Mix it up: There’s something fishy about Nobu’s new Caviar Martini

Philip Salter
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Nobu's new Caviar Martini
Plenty of people like their Martinis with a thimble or less of dry vermouth. I've never understood the pleasure of sipping on a couple of shots of ice-cold vodka or gin, myself. But it's not just vermouth; I'm always liable to get itchy tastebuds without a suitable garnish, which is why one desperate evening, having run out of lemons and olives, I experimented by dropping an anchovy into my Martini. My demonic creation was disgusting in a way that I didn't think possible. An anchovy Martini may always be too much to swallow, but one’s demons must be faced, so I thought Nobu's new Caviar Martini looked like a reasonable first step into the world of fishy concotions.
Until quite recently I didn’t understand the allure of caviar. I had only ever tried tiny quantities of the salty, dry fish eggs balanced ungraciously on a rubbery blini. In the cold light of day, it also seems like eating animals’ eggs may be the oddest thing we humans do. Eating the flesh of an animal for protein is one thing, but harvesting its progeny? Thankfully, we don't spend the whole of our lives in the cold light of day, and it just so happens that eggs belonging to the right sturgeons can leave an extremely pleasant taste in the mouth, actually.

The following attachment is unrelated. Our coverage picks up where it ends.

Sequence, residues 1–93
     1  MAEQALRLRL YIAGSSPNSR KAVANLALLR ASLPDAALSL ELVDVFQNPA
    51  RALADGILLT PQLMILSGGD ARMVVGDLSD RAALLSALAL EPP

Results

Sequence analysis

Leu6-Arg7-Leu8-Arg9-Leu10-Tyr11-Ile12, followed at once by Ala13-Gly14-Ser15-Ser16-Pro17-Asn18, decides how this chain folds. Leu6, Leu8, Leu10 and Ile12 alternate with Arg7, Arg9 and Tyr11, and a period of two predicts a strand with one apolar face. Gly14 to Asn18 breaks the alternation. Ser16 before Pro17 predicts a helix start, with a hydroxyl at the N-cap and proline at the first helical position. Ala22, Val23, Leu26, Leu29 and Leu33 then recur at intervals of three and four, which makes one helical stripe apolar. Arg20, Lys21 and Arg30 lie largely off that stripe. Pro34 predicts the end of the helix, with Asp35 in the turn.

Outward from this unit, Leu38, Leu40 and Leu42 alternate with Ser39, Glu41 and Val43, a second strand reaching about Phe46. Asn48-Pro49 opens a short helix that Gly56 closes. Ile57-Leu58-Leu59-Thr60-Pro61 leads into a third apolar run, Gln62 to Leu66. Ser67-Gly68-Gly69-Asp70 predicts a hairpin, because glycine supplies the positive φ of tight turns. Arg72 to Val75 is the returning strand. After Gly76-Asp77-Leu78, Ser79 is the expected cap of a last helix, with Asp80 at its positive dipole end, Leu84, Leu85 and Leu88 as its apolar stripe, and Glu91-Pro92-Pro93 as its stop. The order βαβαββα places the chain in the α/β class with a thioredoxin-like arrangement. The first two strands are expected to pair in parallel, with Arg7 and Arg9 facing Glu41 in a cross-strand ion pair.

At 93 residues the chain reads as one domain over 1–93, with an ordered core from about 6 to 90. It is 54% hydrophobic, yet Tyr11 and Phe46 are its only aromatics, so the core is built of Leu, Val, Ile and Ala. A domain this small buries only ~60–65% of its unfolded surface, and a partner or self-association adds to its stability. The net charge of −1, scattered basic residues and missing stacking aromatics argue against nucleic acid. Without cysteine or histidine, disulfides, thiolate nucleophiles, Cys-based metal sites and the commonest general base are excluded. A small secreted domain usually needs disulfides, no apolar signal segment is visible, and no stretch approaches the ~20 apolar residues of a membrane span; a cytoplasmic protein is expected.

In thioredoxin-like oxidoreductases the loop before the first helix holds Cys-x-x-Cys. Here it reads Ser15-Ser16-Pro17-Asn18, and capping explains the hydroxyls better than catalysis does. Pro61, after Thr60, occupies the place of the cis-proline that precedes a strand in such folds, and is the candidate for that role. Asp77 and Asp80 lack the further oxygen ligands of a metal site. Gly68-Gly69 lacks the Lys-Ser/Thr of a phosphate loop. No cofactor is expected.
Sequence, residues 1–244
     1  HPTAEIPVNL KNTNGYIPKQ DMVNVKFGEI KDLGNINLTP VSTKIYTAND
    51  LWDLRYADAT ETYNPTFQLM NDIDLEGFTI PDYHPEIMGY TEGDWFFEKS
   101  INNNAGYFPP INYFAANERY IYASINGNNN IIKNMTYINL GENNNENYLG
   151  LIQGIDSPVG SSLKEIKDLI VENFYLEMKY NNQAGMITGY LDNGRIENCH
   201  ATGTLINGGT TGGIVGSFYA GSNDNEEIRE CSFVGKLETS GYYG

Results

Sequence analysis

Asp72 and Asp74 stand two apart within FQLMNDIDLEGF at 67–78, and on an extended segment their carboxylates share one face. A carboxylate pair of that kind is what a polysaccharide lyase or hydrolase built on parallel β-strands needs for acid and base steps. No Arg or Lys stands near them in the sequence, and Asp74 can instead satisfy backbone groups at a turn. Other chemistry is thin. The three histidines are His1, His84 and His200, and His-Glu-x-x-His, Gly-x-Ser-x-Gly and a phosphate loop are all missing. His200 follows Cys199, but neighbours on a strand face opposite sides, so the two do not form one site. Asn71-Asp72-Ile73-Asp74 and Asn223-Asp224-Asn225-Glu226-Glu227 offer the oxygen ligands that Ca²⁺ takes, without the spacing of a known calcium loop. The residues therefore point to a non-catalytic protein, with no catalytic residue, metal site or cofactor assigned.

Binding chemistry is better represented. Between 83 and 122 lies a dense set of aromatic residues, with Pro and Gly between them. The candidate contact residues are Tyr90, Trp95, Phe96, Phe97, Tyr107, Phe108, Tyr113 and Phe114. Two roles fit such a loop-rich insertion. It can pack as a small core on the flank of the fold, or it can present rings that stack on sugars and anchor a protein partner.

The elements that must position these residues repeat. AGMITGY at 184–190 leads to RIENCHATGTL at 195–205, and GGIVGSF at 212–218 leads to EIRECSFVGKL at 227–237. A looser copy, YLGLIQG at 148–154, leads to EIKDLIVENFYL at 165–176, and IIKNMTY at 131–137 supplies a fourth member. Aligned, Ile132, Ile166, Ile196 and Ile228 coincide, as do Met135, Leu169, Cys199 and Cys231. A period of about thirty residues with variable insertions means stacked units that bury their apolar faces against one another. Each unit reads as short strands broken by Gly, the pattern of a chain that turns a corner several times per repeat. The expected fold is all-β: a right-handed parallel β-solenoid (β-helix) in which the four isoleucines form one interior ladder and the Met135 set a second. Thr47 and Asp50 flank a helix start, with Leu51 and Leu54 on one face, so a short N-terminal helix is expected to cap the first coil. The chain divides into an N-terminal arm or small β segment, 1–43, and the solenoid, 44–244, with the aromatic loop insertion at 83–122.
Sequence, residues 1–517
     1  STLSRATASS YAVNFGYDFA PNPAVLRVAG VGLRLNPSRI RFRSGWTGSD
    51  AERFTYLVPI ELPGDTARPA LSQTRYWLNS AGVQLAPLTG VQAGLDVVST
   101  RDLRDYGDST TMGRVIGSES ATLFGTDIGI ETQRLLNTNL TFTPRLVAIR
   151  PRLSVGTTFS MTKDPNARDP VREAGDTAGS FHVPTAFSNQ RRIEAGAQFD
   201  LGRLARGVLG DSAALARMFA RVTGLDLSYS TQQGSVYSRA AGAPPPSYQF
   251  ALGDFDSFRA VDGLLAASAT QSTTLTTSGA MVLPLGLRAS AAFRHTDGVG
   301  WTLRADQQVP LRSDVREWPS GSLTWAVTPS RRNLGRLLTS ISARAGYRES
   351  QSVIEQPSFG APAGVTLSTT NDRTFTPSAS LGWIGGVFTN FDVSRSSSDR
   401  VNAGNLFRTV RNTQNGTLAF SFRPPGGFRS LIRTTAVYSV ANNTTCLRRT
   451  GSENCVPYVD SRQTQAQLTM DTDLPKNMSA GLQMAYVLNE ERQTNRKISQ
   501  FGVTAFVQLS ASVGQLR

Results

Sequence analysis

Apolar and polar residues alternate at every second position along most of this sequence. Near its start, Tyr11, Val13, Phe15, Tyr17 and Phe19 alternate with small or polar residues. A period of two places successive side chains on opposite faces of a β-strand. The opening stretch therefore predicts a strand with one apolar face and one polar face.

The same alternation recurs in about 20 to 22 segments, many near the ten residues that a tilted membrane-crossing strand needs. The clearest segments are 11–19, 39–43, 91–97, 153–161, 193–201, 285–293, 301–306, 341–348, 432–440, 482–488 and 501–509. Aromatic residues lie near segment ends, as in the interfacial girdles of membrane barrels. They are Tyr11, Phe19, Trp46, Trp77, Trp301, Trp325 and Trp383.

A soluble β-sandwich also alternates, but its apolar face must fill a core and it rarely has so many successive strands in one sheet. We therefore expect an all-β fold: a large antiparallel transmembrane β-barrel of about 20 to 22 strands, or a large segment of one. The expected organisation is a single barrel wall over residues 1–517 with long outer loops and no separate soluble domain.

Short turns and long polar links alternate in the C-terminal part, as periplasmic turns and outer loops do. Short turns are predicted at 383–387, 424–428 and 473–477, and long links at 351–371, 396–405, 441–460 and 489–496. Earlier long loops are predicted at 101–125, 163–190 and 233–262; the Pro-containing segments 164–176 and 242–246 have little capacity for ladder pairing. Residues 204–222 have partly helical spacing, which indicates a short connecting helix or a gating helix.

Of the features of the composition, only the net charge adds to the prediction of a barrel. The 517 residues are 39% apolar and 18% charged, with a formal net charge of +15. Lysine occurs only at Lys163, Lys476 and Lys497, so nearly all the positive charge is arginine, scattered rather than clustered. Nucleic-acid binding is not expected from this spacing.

Decent caviar is a gift from the gods – which is why people with money are willing to throw so much at it, and people with power are keen to keep it for themselves. Despite his many failings as a ruler, Edward II knew a good thing when he tasted it. In 1324 he decreed sturgeon to be a Royal Fish, with all sturgeons in British water thereafter belonging to the monarch. Thankfully, the Queen has forgone this prerogative so we can partake, too.
At first sip, the caviar bitters in Nobu's Caviar Martini were forcing me to face my Proustian memories of that anchovy Martini, but these were swiftly repressed as soon as I started on the spoon of caviar. The Gourmet House Russian Oscietra Caviar has that silky quality that connects all the tastiest things in the world – whether it’s sweatbreads, fois gras, or what I can only imagine a glass of Chateau Lafite 1959 tastes like, which goes for over £3,000 a bottle.
Perhaps one day I'll be presented with the nightmarish anchovy Martini again and I’ll have to face my fear – but until then there's always caviar.



■ Caviar Martini (Nobu Berkeley ST)
■ 60ml Elit vodka
■ 8 dashes Devils Club Caviar Bitters


■ Stir vodka and bitters over ice 30 times to release the flavour.
■ Spritz lemon zest on the stem the martini glass.
■ Serve in a with a spoonful of Gourmet House Russian Oscietra Caviar.

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